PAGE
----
Piracy 'kills creativity of porn industry'

ONLINE piracy is preventing the porn industry making the challenging, creative films it wants to, insiders have claimed.

As O2 users are reprimanded for illegally downloading Ben Dover films, the porn industry has warned that piracy could lead to a drop in the quality of films in which dead-eyed quasi-prostitutes grimly hump like bored lions in a wildlife documentary.

Adult film director Wayne Hayes said: “Piracy means less money to bring your unique artistic vision to life. My latest film, Extreme Anal Violation Orgy, will now feature only moderate anal violation, and more of a small gathering than an orgy.

“Cost-cutting also means porn films will no longer feature the sharp scripts and involving plotlines they’re known for, such as someone going into a house and fucking someone.”

Others warned that piracy would mean the end of big-budget porn parodies like Star Wars XXX, devised for people with the entirely healthy desire to see Princess Leia fellating C3PO.

Porn producer Tom Booker said: “Illegal downloads could kill off mainstream blockbusters like Avengers Assemble, as well as my own homage to the Marvel universe, Assvengers Analised, in which Loki and Iron Man simultaneously violate Black Widow while Thor stands in the background frantically trying to make his ‘magic hammer’ work.”

Porn fan Tom Booker said: “Yes, I illegally downloaded The Female Amb-ass-ador, but I liked it so much I actually bought the other 25 films in the series.

“It feels great to put something back, especially considering how drained I now feel.”

 

 

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Opening ceremony for 2012 Riots set to wow Hackney

THE grand curtain raiser for the 2012 Riots will be attended by over 50,000 spectators at Hackney Stadium this Friday.

The extravaganza will include thousands of volunteers staging pitched battles between police and masked looters, men in Guy Fawkes masks jetpacking into the stadium and the burning of a giant, inflatable Wetherspoons.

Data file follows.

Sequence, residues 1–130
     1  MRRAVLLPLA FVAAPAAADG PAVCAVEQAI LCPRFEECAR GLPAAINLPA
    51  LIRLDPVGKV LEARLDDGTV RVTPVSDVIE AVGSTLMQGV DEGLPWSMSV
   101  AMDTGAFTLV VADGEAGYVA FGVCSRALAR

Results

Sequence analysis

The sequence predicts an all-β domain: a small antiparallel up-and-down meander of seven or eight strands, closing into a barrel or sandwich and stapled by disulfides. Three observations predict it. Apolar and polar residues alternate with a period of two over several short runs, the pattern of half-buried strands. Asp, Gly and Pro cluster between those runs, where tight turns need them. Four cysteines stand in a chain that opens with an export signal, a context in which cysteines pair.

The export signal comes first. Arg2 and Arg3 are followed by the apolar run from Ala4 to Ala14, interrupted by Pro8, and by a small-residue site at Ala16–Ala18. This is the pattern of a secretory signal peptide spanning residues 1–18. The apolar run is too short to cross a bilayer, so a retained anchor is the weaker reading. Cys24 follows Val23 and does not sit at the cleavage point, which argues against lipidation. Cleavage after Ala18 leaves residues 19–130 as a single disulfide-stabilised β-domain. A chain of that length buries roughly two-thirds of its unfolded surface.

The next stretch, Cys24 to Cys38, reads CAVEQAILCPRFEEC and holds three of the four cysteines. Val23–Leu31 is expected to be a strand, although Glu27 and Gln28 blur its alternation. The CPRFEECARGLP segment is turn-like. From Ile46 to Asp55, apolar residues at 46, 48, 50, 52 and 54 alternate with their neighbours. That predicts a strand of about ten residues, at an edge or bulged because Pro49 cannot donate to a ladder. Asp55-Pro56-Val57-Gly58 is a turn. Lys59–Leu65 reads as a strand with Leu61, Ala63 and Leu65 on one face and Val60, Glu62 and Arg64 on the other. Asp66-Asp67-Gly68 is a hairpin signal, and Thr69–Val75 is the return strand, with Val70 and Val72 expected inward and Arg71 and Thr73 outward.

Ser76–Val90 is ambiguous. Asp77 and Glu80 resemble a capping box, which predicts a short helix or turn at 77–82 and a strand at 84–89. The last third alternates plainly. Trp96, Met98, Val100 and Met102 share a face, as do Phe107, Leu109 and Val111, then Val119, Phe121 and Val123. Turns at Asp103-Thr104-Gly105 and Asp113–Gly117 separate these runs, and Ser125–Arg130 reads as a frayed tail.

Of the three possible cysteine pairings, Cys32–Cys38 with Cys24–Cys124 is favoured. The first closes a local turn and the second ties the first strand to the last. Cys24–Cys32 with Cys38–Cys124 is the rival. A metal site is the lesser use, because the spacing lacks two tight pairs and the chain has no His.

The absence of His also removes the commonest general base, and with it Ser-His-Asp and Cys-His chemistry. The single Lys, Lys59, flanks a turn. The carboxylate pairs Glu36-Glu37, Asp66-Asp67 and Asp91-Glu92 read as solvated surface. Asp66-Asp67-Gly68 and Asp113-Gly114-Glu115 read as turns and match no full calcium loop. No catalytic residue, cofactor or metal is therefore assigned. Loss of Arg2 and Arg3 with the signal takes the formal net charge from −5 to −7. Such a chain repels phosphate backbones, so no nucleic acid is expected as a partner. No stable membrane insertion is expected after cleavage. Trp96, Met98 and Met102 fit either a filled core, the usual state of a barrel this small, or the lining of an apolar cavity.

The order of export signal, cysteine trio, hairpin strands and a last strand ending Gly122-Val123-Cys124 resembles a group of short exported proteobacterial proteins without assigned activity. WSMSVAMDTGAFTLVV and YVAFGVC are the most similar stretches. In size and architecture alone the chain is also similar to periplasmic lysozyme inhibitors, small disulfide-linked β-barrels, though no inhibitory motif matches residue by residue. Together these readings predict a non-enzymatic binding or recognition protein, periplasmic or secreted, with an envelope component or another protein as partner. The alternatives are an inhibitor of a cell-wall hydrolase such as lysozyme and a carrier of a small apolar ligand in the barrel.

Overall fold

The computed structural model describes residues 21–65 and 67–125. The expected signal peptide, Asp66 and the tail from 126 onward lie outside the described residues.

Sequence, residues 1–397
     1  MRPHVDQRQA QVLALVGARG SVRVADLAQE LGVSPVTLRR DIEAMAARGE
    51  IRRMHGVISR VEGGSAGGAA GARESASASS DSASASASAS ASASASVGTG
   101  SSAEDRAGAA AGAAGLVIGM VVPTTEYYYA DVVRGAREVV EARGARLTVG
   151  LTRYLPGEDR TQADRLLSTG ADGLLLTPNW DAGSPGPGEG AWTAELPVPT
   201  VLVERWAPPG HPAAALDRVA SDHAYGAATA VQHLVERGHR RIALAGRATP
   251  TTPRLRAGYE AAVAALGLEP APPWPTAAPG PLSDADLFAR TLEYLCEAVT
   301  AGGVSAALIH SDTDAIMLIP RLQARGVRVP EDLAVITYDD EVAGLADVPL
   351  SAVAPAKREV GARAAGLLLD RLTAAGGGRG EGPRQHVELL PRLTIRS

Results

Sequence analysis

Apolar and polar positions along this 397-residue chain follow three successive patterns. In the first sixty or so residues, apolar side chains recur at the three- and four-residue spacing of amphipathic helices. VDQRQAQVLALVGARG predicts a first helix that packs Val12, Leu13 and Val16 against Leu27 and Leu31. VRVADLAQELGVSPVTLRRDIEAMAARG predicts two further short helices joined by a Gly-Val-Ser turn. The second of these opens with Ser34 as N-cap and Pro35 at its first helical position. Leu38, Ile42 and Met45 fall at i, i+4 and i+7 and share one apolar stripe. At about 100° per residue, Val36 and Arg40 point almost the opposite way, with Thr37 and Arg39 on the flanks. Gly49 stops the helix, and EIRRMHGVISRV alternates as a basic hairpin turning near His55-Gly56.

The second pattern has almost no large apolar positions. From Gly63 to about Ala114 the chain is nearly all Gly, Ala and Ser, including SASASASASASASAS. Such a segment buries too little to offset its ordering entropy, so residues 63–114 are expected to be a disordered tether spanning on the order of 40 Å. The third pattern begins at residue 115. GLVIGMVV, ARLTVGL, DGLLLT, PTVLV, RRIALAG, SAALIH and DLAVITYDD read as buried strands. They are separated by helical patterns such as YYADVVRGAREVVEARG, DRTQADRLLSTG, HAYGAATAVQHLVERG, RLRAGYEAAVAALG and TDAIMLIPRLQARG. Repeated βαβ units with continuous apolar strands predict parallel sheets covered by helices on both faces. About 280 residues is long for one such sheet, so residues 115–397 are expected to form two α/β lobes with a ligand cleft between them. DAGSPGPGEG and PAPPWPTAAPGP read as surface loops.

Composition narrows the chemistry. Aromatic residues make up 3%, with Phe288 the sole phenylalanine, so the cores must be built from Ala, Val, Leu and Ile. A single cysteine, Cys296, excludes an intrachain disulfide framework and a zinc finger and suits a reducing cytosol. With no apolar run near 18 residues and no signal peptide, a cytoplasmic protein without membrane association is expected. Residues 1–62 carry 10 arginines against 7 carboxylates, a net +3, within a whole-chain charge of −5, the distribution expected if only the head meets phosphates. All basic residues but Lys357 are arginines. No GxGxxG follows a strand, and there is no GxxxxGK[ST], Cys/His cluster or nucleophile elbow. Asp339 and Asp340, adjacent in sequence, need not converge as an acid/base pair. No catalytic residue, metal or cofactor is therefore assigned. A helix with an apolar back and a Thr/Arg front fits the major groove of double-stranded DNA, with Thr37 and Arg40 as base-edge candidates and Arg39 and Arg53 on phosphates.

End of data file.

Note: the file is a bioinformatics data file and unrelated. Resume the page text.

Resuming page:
Hosted by TV’s Sue Barker, the event will feature music by The Clash, The Kaiser Chiefs and Sir Andrew Lloyd Webber, conducting selections from the score to Smash It!, the musical he co-wrote based on the Riots.

The evening will climax with the torching of the stadium itself, lit with the Molotov cocktail flame which has been carried across Britain from Manchester down to London, through Croydon, Ealing and Woolwich.

Event co-ordinator Stephen Malley said, “Rioting has been part of the Great British tradition since the days of Wat Tyler. It’s part of the warp and weft our culture through the ages and we’ll be looking to reflect that in the opening ceremony.”

However, there are those who feel that the true spirit of the Riots has been lost in 2012.

Wayne Hayes, a veteran of the Riots of 1981 said, “I remember when the Riots were about protesting against Tory cuts, unemployment and police racism. These days it’s all about the High Street, fashion, Adidas trainers, McDonalds and that.”

Others have complained that the Riots are likely to cause disruption in London, with large areas out of bounds to traffic and commuters.

However Malley said, “There are always going to be cynics carping about the Riots, whether it’s small businesses moaning about the effect on their livelihoods, or people complaining about the army having to be brought in.

“But at the end of the day this is about the Rioters themselves. The message of the Riots is: Go for it, take whatever the corporate brands have on offer, don’t let anyone stand in your way.”